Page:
Survey: Two-Thirds of Head Start Programs Expect Service, Staff Cuts in 2005

Survey: Two-Thirds of Head Start Programs Expect Service, Staff Cuts in 2005

WASHINGTON
Despite being one of the most successful programs in the federal government, Head Start, which gets America’s poorest children ready to learn in kindergarten and beyond, is in a bad way today after three years of “neglect and disdain,” according to a recent survey by the National Head Start Association (NHSA).
Among the problems highlighted in new data from NHSA: Almost 9,000 slots for poor children have been trimmed from the program, the percentage of eligible children served by Head Start and Early Head Start programs has eroded to 20 percent, and half of local Head Start grantees have been forced to cut services and/or staffing during the past two years.
The association warned that even more “de facto dismantling” of Head Start is in the works, with about two-thirds of programs expecting to cut services (such as hours of operations, the length of the school-calendar year and programs for disabled children) and/or staff (including degreed teachers) during fiscal year 2005.
NHSA President and CEO Sarah Greene said: “What we are seeing is that you don’t have to dismantle Head Start through block granting to the states to effectively undermine this fine program serving America’s most at-risk children. Inadequate funding is slowly forcing programs to alter and, in some cases, kill services and teacher positions that otherwise would make a real difference in the lives of Head Start children. Ironically, the funds are drying up at the very point where demands are being placed on Head Start programs to hire more teachers with degrees. It may turn out that the most effective way to ‘prove’ the case for dismantling Head Start is by making it quite literally impossible for local grantees to do their job.”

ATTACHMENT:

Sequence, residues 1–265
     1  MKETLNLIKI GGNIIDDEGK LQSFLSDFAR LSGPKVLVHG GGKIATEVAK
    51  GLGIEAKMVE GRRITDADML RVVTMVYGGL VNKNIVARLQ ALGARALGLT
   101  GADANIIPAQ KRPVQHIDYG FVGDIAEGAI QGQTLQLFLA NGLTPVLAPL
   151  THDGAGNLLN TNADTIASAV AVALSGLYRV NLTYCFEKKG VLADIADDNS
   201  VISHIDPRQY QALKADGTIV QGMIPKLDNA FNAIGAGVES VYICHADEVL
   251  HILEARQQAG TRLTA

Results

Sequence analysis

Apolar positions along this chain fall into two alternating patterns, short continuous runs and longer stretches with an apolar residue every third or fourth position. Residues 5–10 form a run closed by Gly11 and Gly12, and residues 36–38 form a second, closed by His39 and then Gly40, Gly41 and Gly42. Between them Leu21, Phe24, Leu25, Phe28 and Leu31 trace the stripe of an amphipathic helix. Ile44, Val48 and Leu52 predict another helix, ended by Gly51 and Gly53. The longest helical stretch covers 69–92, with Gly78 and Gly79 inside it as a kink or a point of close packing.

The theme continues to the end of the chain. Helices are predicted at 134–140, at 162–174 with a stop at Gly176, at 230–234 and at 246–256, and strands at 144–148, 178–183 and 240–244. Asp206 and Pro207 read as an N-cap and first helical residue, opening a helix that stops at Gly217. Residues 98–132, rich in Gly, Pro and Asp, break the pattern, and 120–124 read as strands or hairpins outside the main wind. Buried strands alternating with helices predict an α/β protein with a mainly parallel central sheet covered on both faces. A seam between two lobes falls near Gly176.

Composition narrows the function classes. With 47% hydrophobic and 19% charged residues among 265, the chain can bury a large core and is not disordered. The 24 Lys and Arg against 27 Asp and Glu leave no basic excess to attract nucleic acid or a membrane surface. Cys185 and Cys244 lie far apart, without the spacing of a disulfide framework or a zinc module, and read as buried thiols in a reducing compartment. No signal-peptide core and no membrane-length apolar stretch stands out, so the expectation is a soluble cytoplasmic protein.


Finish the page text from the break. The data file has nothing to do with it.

NHSA Board Chairman Ron Herndon, who also is director of the Albina Head Start program (Portland, Ore.), said: “We are putting Head Start programs in a 10-foot hole and then handing them a five-foot ladder to use to climb out of that hole. The result is a largely hidden legacy of neglect and disdain that is clearly part of a de facto effort to dismantle Head Start. An alarming number of programs are reporting that they cannot afford to train their staff and provide safe transportation. We cannot stand by and watch as these programs struggle to squeeze everything out of every nickel available to them (and) are then accused of not getting their job done.” 



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